1: We know that how many trees are exist in the town.

Where denotes "unacceptable to native speakers". (I've also removed the syntactically invalid that, capital Trees, and quotes around "are").

The reason #1 is an invalid construction is because are and exist are both finite verb forms performing the same syntactic function (approximately, that of a copula linking trees to in the town). We can make it grammatical by removing either word,...

1a: We know how many trees are in the town.
1b: We know how many trees exist in the town.

...or by replacing exist with an adjectival form, giving the starchy/formal, but perfectly valid...

1c: We know how many trees are extant in the town.

Note that in principle we could replace exist with a continuous participle, but idiomatically we wouldn't normally use are existing (probably because of the semantic overlap between to be and to exist). Though there's nothing unusual about, say,...

1d: We know how many foreigners are living in the town.


I'd guess to be is the most common verb in English (because of its use as an auxiliary), but we don't actually use it very often as a "true" verb in the sense of to exist. It's just that some examples ("To be or not to be" and "I think therefore I am" come to mind) are particularly well-known.


TL;DR: If the intended meaning is to exist, use that verb. You won't go far wrong if you only ever use to be as an auxiliary verb,

0

We exist, and others are living.

The sentence means that you are not living, you just exist. Basically, it has the meaning that you live worse than others.

exist has the meanings:

  1. have objective reality or being (Oxford Dictionaries Online)

  2. occur or be found, especially in a particular place or situation (Oxford Dictionaries Online)

The verb be/is/are has more grammatical functions (see the question: What is meant by the verb "to be"?) than exist, but it can be the synonyms of exist in a particular context. exist has more narrow meaning than the verb be/is/am. As the definitions given above say: exist is about the existence/being in the objective reality, you can use be/is/are instead to exist but you cannot always use exist instead of be/is/are.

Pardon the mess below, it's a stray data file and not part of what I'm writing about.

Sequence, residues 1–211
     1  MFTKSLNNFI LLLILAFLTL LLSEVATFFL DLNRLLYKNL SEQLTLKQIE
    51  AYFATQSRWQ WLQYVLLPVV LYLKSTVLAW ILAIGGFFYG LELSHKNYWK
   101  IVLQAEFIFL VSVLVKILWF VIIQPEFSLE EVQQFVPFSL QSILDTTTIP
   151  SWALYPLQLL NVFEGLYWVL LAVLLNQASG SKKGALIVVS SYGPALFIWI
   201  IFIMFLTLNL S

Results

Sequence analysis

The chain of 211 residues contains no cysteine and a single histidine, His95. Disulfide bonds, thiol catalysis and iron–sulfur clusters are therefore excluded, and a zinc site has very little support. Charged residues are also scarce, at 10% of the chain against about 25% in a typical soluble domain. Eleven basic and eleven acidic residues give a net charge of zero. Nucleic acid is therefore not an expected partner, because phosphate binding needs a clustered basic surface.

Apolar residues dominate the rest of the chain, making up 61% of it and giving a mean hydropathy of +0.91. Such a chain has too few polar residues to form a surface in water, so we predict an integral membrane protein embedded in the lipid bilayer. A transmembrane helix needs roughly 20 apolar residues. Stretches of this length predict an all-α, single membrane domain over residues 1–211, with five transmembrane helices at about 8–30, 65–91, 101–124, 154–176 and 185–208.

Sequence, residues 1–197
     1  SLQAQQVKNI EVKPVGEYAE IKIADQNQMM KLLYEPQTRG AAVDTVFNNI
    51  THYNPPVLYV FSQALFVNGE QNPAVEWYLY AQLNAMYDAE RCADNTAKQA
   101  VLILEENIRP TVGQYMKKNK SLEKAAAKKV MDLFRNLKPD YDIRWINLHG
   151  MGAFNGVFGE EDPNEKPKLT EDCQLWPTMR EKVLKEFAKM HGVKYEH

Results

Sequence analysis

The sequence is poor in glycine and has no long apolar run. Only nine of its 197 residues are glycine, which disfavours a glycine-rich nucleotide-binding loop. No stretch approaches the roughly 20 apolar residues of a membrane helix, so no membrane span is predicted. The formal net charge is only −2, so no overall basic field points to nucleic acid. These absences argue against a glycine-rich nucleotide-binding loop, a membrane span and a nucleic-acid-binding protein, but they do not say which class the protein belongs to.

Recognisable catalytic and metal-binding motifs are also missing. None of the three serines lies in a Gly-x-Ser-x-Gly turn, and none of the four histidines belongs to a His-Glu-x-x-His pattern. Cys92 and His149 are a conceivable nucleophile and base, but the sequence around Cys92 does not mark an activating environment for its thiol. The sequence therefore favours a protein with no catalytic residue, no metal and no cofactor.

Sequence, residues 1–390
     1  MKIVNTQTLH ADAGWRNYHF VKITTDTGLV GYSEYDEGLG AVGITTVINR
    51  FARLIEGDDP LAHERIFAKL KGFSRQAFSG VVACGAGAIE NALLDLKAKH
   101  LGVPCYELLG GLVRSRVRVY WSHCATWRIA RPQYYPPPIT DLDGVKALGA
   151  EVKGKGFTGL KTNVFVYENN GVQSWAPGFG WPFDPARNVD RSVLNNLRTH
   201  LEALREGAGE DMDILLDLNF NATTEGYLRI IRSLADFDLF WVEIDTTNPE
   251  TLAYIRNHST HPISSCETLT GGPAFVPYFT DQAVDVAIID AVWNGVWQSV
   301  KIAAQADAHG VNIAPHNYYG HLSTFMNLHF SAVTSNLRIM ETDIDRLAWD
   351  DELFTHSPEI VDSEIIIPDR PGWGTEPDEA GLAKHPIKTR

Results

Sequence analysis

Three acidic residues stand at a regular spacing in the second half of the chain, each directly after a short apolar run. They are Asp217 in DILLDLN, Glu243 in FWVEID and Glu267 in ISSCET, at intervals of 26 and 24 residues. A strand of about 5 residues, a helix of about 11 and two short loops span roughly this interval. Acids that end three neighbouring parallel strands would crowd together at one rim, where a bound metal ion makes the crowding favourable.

are/is cannot be used with exist because it would be two words with similar meaning and grammatical function (they are verbs) at the same place. You cannot just say: I say say...

Of course, in the spoken language, if the person says two words at the same moment it just the situation of the speaking act when we can use stylistically many words.

More examples from the BNC:

The opportunity exists today.

The file does not exist.

He exists but it is not true.

-1

English is brief.

At least we'll know how many trees existing in the town.

At least we'll know how many trees staying in the town.

At least we'll know how many tress remaing in the town.

We must learn a lot vocabulary.

  • I think those sentences are not at all correct in written English at least due to the want of an auxiliary verb, here are that is. But I feel the infinitive form of those verbs that are marked in bold is better. And stay is very less likely in here, though it might be a good choice in some other context. I'm not very sure about that. – Man_From_India Mar 13 '15 at 7:36

Your Answer

By clicking “Post Your Answer”, you agree to our terms of service, privacy policy and cookie policy

Not the answer you're looking for? Browse other questions tagged or ask your own question.